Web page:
Around here, everyone who has even a passing interest in jazz has heard pianist Tad Weed in more than one context. A native of Jackson, he fell in love with jazz at a young age, studied piano, and eventually went to Central Michigan. Some time after graduating, he moved to Los Angeles. After many musical adventures, he returned to his native state in 2000 and very soon became one of the top musicians in our area.

To most local jazz listeners, Weed is mostly known as a versatile, sensitive pianist who plays in many contexts, including his own trios. But Weed is not only an instrumentalist; he is a fully trained and experienced musician who composes, arranges, teaches, and functions as musical director for singers and other performers. Some of the greatest pianist-arranger/composers in modern jazz have had to make do with limited technical skills, even if they developed interesting personal voices. Tadd Dameron and Gil Evans, for example, played what has traditionally been called “arrangers’ piano.” Weed, however, combines writing skills with a prodigious piano technique that seems to have no limits whatsoever. He’s in great demand because he can play anything, be it classical sonatas, swing standards, bebop, or the most far-out experimental jazz.

Such versatility can be deadening, the musician’s equivalent of selling one’s soul to the devil. Weed, however, seems to derive creative inspiration from his encyclopedic musical knowledge, and while he blends into his surroundings like a true professional when required, he somehow manages to maintain a personal creative core that is uniquely identifiable. In all the years I have been listening to him I have never heard him coast; he is always deeply involved with his music, no matter the environment.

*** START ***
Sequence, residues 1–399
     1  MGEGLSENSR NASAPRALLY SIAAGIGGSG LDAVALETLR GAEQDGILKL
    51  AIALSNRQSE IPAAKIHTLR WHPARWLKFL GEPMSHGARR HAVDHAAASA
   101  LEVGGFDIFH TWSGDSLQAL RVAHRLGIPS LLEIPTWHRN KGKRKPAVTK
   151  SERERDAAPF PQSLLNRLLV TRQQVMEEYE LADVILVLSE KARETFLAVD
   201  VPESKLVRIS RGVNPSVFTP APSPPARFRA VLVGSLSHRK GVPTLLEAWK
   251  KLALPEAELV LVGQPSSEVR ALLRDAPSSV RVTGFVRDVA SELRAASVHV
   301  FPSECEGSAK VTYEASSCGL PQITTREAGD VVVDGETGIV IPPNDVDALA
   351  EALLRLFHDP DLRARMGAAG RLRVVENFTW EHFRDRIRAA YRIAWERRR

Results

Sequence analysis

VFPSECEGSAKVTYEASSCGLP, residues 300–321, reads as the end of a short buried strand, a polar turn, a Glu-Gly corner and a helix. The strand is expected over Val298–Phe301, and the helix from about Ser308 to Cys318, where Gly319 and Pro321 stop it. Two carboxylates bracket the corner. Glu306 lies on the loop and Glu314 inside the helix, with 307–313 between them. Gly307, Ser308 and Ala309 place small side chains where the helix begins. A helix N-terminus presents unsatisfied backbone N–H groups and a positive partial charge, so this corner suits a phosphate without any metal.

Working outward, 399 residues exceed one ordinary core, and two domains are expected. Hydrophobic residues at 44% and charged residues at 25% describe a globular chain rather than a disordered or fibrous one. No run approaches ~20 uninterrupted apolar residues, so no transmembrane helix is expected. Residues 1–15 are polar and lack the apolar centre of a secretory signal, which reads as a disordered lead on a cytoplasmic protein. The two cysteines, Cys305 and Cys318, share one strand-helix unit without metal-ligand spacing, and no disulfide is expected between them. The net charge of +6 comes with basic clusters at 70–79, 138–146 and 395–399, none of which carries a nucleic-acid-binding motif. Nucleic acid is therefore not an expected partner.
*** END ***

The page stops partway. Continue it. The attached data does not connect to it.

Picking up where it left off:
He is an all-around musician, but he is above all else a pianist, and when he plays piano, you cannot imagine him on any other instrument. His melodic right-hand lines can be astonishingly fast and complex, but they are always anchored in shifting harmonies coming from the other side of the keyboard. When the time is right, both hands come together with ripe chords. All of this is done with powerful rhythmic drive. Years of working with a wide variety of musicians in different stylistic idioms have left him with a seemingly inexhaustible repertoire of jazz classics, show tunes, and pop materials of various sorts. His arranger’s instincts lead him to craft these materials in novel ways, eschewing the banal presentations of the melody, followed by improvisatory flights, that we so often hear.

On July 13 Tad Weed will offer a rare solo performance at the Kerrytown Concert House, exploring jazz standards and his own compositions, as well as those associated with some of the artists he has performed with over the years. This will be a review of the musical roads he has traveled, presented without rhythm section support. In such a setting we will be able to experience a presentation of the pianist, composer, and orchestrator in perfect unadorned harmony.